Jackie Congedo — In Conversation
In Our Grief, We Must Stand Together for What is Just and Right
In response to the attack at the Tree of Life Synagogue in Pittsburgh, JCRC Board Member Rabbi Margie Meyer offered the following D’var Torah to begin our next board meeting. It expresses so well the mission of the JCRC and why it’s important to stand up together with our interfaith partners for what is just and right. –Jackie
The Torah portion the week after the attack in Pittsburgh was called “Hayei Sarah,” (the Life of Sarah), yet it paradoxically opens with Sarah’s death. Just as it is Sarah’s life as the first matriarch that is important to us as Jews, it is the lives, not the deaths of the victims we must remember.
We recall these good Jews, not just because they were brutally murdered, but because they were unique, for they were the ones who kept us going. They weren’t the wealthiest or the most powerful in their Jewish community, but they were the ones—and we all know their counterparts in our own synagogues—who kept our Judaism alive week after week. They were the few who were always on time, handing out the prayer books, greeting others at the door, rolling the Torah, preparing to lead Torah discussions, and leading our services. Their lives were part of the fabric of our Judaism.
We are still in shock from what happened that Shabbat. Shabbat. In a synagogue. Simply because they were Jews. How could that possibly happen here? And yet, we Jews have dealt with much antisemitism in our history, even in our own American history. In 1915, Leo Frank was lynched; in 1939, amidst hatred and antisemitism, our government refused to accept the desperate refugees on the St. Louis; in 1958, the Atlanta synagogue was bombed. Each time we rebounded, we stood up and said: “Anachnu Kan. We are here.” Each time we thought, “It is over. Never again. We are accepted. We are truly Americans, and antisemitism will never destroy us here.”
But now we wonder. We are in an era of of sinat hinam, of baseless hatred, that has escalated in the past few years, and we are easily driven to despair. Yet if our history has taught us anything, it is lizkor (to remember), to remember that we are commanded not to hate but to love, to be a light to others, to understand that we are not alone and that we must reach out to embrace each other, as well as those of other faiths and ethnicities who also suffer.
It is a strange irony that the Torah portion, which was about to be read at Tree of Life, Dor Hadash, and New Light synagogue services, included the section where Abraham welcomes three strangers into his tent. The flaps of his tent are open wide so he can see them approach. They turn out to be emissaries from God, but Abraham doesn’t know that; his doors are open to receive strangers as honored guests.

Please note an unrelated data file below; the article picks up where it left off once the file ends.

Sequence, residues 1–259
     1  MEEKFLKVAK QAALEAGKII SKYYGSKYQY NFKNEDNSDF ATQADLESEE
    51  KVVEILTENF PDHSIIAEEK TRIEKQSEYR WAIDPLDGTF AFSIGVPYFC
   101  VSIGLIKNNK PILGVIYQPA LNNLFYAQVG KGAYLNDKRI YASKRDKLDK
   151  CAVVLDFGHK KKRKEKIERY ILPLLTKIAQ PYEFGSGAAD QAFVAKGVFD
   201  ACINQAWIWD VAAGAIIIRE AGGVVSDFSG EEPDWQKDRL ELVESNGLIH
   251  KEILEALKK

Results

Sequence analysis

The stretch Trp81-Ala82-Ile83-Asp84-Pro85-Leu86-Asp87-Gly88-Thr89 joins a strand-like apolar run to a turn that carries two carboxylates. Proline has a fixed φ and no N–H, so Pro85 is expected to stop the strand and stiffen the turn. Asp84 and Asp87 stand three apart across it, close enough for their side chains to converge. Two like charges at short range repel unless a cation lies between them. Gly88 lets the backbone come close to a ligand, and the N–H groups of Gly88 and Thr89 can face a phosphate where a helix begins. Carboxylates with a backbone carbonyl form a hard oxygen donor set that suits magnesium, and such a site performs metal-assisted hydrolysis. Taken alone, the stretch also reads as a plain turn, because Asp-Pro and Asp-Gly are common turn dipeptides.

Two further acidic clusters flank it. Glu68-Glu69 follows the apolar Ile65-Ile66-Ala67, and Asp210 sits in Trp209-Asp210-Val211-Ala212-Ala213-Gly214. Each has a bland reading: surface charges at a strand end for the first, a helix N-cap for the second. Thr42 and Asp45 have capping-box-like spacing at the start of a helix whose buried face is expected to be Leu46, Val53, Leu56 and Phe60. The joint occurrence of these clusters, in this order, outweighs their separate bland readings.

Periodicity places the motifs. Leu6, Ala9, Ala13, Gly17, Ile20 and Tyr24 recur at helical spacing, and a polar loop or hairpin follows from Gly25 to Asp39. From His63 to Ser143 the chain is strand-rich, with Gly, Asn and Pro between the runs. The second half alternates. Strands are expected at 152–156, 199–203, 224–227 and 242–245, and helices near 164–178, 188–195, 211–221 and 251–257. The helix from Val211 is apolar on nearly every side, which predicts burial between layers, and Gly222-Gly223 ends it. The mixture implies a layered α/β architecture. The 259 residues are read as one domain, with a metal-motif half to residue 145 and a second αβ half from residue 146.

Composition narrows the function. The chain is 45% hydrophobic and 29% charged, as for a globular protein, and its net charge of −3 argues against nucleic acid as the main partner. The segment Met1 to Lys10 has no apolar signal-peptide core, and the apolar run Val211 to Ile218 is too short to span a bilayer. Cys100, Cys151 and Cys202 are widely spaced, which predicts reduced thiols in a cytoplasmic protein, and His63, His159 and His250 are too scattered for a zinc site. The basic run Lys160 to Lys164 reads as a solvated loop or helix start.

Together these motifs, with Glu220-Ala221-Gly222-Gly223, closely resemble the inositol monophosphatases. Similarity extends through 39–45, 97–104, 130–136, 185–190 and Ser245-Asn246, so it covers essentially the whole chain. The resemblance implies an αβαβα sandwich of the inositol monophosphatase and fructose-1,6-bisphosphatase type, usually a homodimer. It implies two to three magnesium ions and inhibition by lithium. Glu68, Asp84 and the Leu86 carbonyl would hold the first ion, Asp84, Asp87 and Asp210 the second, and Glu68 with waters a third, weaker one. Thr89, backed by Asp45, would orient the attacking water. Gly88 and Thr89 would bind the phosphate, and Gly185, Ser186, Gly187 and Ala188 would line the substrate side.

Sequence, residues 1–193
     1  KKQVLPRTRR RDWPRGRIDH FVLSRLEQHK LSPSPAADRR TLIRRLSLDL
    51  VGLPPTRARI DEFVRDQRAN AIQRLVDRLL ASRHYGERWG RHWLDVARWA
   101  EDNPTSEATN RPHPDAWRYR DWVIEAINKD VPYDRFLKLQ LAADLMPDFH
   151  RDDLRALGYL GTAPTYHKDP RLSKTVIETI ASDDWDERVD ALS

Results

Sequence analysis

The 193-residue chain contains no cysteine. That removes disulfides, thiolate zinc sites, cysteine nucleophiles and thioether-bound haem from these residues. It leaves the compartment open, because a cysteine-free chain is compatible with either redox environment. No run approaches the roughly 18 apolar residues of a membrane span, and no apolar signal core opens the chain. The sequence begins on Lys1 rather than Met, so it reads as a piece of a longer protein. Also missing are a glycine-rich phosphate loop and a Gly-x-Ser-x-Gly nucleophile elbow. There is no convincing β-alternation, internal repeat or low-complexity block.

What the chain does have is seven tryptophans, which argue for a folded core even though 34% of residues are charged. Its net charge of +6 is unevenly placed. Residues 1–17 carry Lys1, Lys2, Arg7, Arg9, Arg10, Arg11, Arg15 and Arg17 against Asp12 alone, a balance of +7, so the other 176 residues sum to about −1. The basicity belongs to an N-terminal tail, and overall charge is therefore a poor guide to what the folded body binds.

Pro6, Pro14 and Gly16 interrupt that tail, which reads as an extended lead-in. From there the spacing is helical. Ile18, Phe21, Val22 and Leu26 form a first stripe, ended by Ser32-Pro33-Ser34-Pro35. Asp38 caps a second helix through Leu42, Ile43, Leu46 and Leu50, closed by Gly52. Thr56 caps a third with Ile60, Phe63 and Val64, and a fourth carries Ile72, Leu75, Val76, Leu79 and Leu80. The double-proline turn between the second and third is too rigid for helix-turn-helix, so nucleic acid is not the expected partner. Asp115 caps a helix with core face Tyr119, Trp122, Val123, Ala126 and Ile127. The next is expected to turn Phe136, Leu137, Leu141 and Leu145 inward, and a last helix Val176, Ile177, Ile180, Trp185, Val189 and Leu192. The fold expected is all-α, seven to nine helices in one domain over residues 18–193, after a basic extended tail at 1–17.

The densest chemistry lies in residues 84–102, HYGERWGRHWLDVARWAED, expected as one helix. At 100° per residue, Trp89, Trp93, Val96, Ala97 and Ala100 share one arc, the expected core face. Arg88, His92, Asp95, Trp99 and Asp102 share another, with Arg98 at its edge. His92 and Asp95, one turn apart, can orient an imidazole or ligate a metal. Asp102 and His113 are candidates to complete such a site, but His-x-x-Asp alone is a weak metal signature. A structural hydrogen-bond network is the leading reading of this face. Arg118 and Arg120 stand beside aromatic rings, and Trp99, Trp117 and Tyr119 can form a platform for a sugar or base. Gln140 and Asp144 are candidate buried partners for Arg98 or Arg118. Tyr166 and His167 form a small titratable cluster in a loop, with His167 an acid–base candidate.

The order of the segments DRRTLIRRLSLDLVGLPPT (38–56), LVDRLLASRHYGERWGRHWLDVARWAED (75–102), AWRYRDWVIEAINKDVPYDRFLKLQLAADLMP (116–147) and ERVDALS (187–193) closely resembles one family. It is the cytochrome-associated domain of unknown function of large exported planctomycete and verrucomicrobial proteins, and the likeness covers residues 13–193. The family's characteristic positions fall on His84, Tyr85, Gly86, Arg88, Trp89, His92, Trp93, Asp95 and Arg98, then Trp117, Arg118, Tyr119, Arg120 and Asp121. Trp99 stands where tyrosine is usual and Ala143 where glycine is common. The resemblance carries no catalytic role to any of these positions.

There are those who say after Pittsburgh we must shut our doors, lock ourselves within, and turn away from others. No, we must rather always have our doors open to those who enter our synagogues, to those who need us in time of grief, to those who are running from persecution.
HIAS, the Hebrew Immigrant Aid Society, is being attacked doing what they have always done—for helping refugees—just as they helped my husband and his parents flee Nazi Germany. HIAS is doing what Jews do—reaching out to help others. HIAS is a refugee settlement agency like Catholic Charities and Lutheran Social Services; yet HIAS alone is being attacked.
We need to stand with each other and with others in times of sorrow and to make sure such horrors do not happen to others. It was shameful that two African Americans were murdered just for being black, just a few miles from here last week, yet hardly anyone noticed. This too must end.
For me, it was an emotional moment Sunday night at our vigil to be embraced by my Muslim, Sikh, and Christian friends, those I have met through my interfaith work. It was not lost on me that they were there for us because we have been there for them. That is what community relations is all about. Their presence comforted us, as our presence has comforted some of them when needed.
Words matter; actions matter. It is not the horrible, hate-filled words we should hear. We should unite and drown them out and comfort each other with words of comfort, love, and hope. There’s a reason, deep in our souls, why the national anthem of Israel and of our people is HaTikvah, the hope.
As we speak words of comfort and hope, we must act together against hatred that divides us as Americans, the vitriolic words that lead some to horrendous acts. We must fight also against hatred within our own people, some of whom will not even acknowledge all of us as Jews, as religious Jews, as one people.
In these times of grief, it is a time to stand together for what is just and right. The 11 martyrs in Pittsburgh who we mourn today deserve nothing less.
I close with the following prayer by Rabbi Haim Stern:
When fists are clenched in self-righteous rage,
Let our hands be open for the sake of peace.
When injustice slams doors on the ill, the poor, the old and the stranger, let us pry the doors open.
When bias, greed and bigotry erode our country’s values, let us proclaim liberty throughout the land.
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